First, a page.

It’s presented as a black and white truth: There is no forgiveness for murder.
The Encyclopedia of Mormonism says:
Murder violates the sanctity of life and cuts off the ability of its victims to “work out their destiny” (Benson, p. 355). Moreover, because “man cannot restore life,” and restoration or restitution is a necessary step for repentance, obtaining forgiveness for murder is impossible (Kimball, 1969, p. 129; D&C 42:18-19).
The encyclopedia cites D&C 42, which states:
18 And now, behold, I speak unto the church. Thou shalt not kill; and he that kills shall not have forgiveness in this world, nor in the world to come.
But in the Book of Mormon, we have the Anti-Nephi-Lehites, Lamanites who repented, buried their weapons of war, and chose to suffer death rather than take up arms to defend themselves. These people admitted to committing many murders. How is it possible that the Anti-Nephi-Lehi’s were forgiven of their many murders?
9 And behold, I also thank my God, that by opening this correspondence we have been convinced of our sins, and of the many murders which we have committed.
10 And I also thank my God, yea, my great God, that he hath granted unto us that we might repent of these things, and also that he hath forgiven us of those our many sins and murders which we have committed, and taken away the guilt from our hearts, through the merits of his Son.
11 And now behold, my brethren, since it has been all that we could do (as we were the most lost of all mankind) to repent of all our sins and the many murders which we have committed, and to get God to take them away from our hearts, for it was all we could do to repent sufficiently before God that he would take away our stain—
12 Now, my best beloved brethren, since God hath taken away our stains, and our swords have become bright, then let us stain our swords no more with the blood of our brethren.
How can the Encyclopedia of Mormonism claim forgiveness for murder is impossible if the Book of Mormon highlights a group of Lamanites that had committed many murders and yet were forgiven by God? Is the Book of Mormon teaching false doctrine? If the Book of Mormon is true, that would seem to indicate the Encyclopedia of Mormonism teaches false doctrine. Perhaps if the authors had referenced the scriptures instead of Kimball’s The Miracle of Forgiveness, they would have not contradicted the “keystone” of the Church.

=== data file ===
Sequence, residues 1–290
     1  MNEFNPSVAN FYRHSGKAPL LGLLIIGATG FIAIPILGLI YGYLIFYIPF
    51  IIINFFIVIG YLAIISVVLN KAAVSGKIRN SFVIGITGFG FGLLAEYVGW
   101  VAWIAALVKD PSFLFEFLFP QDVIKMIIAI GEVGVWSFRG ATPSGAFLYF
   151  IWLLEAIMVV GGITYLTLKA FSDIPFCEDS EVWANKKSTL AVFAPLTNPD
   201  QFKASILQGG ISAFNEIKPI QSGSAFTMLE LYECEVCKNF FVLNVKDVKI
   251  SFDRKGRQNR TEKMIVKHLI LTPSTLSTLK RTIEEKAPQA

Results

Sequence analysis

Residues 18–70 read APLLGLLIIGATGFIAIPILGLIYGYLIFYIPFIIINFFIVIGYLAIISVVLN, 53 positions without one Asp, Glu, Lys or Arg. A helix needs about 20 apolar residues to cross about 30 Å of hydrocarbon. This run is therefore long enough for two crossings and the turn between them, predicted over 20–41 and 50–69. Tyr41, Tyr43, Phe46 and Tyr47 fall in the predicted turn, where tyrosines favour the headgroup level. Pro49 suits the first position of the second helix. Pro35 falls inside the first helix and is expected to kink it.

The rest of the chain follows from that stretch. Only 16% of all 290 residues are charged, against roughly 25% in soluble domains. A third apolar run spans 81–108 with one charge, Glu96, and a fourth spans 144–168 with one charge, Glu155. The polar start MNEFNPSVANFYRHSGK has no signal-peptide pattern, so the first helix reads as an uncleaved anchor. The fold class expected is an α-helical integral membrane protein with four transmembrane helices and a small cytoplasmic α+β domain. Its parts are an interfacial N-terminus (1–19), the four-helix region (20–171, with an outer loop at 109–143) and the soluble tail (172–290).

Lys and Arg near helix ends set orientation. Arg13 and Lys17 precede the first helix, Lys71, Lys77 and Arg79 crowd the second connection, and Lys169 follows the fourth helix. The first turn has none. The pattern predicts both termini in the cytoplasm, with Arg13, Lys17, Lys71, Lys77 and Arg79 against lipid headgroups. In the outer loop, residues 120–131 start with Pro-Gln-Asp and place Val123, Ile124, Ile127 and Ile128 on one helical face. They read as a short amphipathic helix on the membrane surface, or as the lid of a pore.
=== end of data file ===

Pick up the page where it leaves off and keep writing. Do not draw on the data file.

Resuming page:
We are judged according to our knowledge. The more knowledge we have, the more accountable we are.
5 Yea, and I know that good and evil have come before all men; he that knoweth not good from evil is blameless; but he that knoweth good and evil, to him it is given according to his desires, whether he desireth good or evil, life or death, joy or remorse of conscience.
What does the Book of Mormon say about the Lamanites?
17 And thus they have taught their children that they should hate them, and that they should murder them, and that they should rob and plunder them, and do all they could to destroy them; therefore they have an eternal hatred towards the children of Nephi.
These Lamanites had been taught from birth that murder was acceptable. God accommodated their incorrect knowledge and forgave them of their murders once they learned it was wrong and repented of their murders.
So what about D&C 42? This section is the law for those who will live in Zion. These people will know good from evil. In particular, they know that murder is not acceptable. So a resident of Zion who kills won’t be held blameless. He knew better and chose to kill regardless. That seems to be the reason he won’t receive forgiveness, whereas the Lamanites had not been taught to know good and evil, and could receive forgiveness in this life for their many murders.
3 Nephi 6:18
Now they did not sin ignorantly, for they knew the will of God concerning them, for it had been taught unto them; therefore they did wilfully rebel against God.
It shall be better for the Lamanites than for you except ye shall repent. For behold, they are more righteous than you, for they have not sinned against that great knowledge which ye have received; therefore the Lord will be merciful unto them; yea, he will lengthen out their days and increase their seed, even when thou shalt be utterly destroyed except thou shalt repent.
This demonstrates how important it is to look at the context of each scripture. The Lord has different messages and different expectations for different audiences depending on their level of knowledge. Misapplying a message to the wrong audience can lead to false doctrine that contradicts scripture – like claiming that murder can’t be forgiven.